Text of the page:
The Big Ten announced this week that it will explore adding a twelfth institution. Some thoughts . . .
Does it seem a little off-key that Joe Paterno is leading the charge for Big Ten expansion, so that the conference can have a championship game? If it weren’t for Penn State, there would still be ten teams, and re-aligning into divisions to set up a championship would be simple. I know times—and the competitive landscape—have changed, but I’m just saying.
I’ve also heard that, as a secondary motivation, Penn State wants an eastern rival located closer to State College, PA—thus the talk of Pitt and, to a lesser extent, Cincinnati and Syracuse. (And, really, this would have to be Pitt or Cincy because, let’s face it, Syracuse would be more of a punching bag than a football rival for Penn State. And yes, I also know that George Perles dreamed that Michigan State would become Penn State’s signature rivalry, and I’m also aware of the final scores in the MSU-PSU games over the last couple of years.) This one is harder to buy. It’s not like Penn State didn’t know the lay of the land when it signed on with the Big Ten 20 years ago—this includes Paterno, who has been coaching in Happy Valley since MSU was the Big Ten’s premier program in the ‘60s.
But the first point has merit—the Big Ten does disappear for several weeks during the climax of college football season, as all the other conferences have their championship games. Clearly there would be advantages to expansion for the Big Ten.
Two questions about potential expansion:
And 2) Who joins? The criteria for expansion seem (according to media speculation, which is all we have to go on) to be geography; access to media markets; and schools who match the Big Ten’s profile historically, academically and athletically.
Once you’ve filtered the search that way, it seems like the popular strategy for identifying candidates is to look at a map and pick out good programs either within or near the current Big Ten footprint. Looking west, you get Mizzou and ISU. (I like Mizzou much better than Iowa State as a potential addition. The main point I’ve seen in the Cyclones’ favor is that ISU is a land-grant university like Michigan State and Penn State. Is this really a driving consideration?)
It’s interesting to hear that Big 12 schools like Mizzou and Iowa State are candidates, at least according to the media, not to mention the Big East schools—Syracuse, Cincinnati, Pitt, et al. Is the Big Ten that much of a step up? It would surprise me, for instance, to hear that a mid-level Big 12 football or basketball coach would jump from one of those jobs to a mid-level Big Ten job.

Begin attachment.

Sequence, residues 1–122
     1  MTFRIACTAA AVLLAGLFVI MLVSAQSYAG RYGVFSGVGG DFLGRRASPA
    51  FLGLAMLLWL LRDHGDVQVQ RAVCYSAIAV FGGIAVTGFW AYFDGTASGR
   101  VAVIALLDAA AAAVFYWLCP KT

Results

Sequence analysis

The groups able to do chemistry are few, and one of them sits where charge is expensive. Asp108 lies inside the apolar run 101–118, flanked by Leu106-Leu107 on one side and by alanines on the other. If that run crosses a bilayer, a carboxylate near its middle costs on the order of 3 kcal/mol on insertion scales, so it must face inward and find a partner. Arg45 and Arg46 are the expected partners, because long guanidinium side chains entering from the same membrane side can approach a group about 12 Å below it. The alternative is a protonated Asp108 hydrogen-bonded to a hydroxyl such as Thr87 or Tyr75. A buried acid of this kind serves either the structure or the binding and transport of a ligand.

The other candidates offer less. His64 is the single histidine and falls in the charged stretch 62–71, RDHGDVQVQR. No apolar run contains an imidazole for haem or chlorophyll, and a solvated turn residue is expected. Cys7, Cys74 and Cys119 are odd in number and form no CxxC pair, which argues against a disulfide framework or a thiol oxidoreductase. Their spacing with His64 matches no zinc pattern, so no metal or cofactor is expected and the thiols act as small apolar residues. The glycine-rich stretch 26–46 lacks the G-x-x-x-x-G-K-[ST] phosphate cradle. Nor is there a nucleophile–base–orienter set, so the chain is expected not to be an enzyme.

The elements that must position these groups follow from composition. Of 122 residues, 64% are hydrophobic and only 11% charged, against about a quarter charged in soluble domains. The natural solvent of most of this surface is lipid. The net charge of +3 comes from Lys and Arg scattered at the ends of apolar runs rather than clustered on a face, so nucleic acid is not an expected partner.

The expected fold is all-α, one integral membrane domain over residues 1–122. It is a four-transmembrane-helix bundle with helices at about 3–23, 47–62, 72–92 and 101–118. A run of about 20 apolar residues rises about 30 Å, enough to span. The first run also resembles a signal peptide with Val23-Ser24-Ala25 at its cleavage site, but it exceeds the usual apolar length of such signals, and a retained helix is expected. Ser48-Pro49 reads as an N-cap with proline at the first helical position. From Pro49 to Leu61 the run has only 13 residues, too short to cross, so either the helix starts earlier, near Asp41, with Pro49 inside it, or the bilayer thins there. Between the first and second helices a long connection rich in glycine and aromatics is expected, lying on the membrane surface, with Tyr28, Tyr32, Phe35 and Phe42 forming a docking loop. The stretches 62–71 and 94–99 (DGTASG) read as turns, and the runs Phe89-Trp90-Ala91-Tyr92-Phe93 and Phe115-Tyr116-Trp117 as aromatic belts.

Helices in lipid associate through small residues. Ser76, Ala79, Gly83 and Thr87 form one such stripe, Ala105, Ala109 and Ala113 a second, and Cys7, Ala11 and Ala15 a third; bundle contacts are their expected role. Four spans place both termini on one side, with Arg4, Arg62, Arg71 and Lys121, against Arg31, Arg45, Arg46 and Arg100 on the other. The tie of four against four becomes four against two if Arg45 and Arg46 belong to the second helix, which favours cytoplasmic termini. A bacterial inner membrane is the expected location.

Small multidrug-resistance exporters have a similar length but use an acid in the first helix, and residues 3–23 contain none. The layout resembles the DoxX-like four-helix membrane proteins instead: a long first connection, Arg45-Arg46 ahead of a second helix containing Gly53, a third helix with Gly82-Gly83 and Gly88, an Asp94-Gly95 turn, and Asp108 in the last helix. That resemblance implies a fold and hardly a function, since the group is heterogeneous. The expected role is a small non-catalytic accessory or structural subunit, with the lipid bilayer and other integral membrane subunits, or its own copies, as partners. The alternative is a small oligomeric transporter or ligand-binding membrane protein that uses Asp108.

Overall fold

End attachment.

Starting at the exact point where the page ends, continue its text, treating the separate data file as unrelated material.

So is the Big Ten greater than the sum of its parts? Maybe, and if so the key might be the conference’s dominance in key media markets—Chicago, Detroit, Indianapolis, Minneapolis, Cleveland, Milwaukee, etc. The Big 12’s only equivalent population centers are in Texas—not counting St. Louis and Kansas City. The fact that Mizzou’s addition would bring the latter two markets into Big Ten country (Columbia is halfway between St. Louis and KC) is a serious point in the Tigers’ favor as a Big Ten candidate.
(Also, a side note . . . Ok, so we’re potentially going to take Mizzou away from the Big 12, leaving that conference with eleven teams while we move to a dozen? But we’ll still be the Big Ten? Clearly the smart thing would be to trade conference names and logos as part of this process. I’m willing to add Shon Morris from the BTN if that sweetens the deal. And maybe we can get the Diamondbacks to throw in a prospect or two.)
Looking east you have the Big East teams. Syracuse is a long way away and not close enough to New York City to lay much claim on that market. Pitt and Cincinnati are closer but uninspiring. It’s no wonder this conversation often stalemates with Notre Dame, which is perfectly located in the heart of Big Ten country and has the perfect profile—academics, athletics, tradition, endowment, everything you could ask for in a Big Ten addition. And the Irish already fill out a large portion of their football schedule with Big Ten rivalries.
So who do you add? I say you beg ND—as utterly distasteful as that would be—followed by Missouri, followed by Pittsburgh. Followed by Baker College of Owosso.
One other point: This push to expand seems to be driven completely by football. And it seems to me that one of the Big Ten’s strengths is its balance between football and basketball. The SEC may be the country’s best football conference, but offers only Kentucky (and sometimes Florida) as major hoops powers. The ACC is usually the best basketball league, but since the decline of Florida State it hasn’t been dominant in football (with apologies to some good Va. Tech teams). The Big Ten, Big 12 and Pac 10 seem to be more balanced. So why aren’t we hearing from more basketball types as part of the expansion debate? (Some have weighed in.) Would an extra team help or hurt in hoops?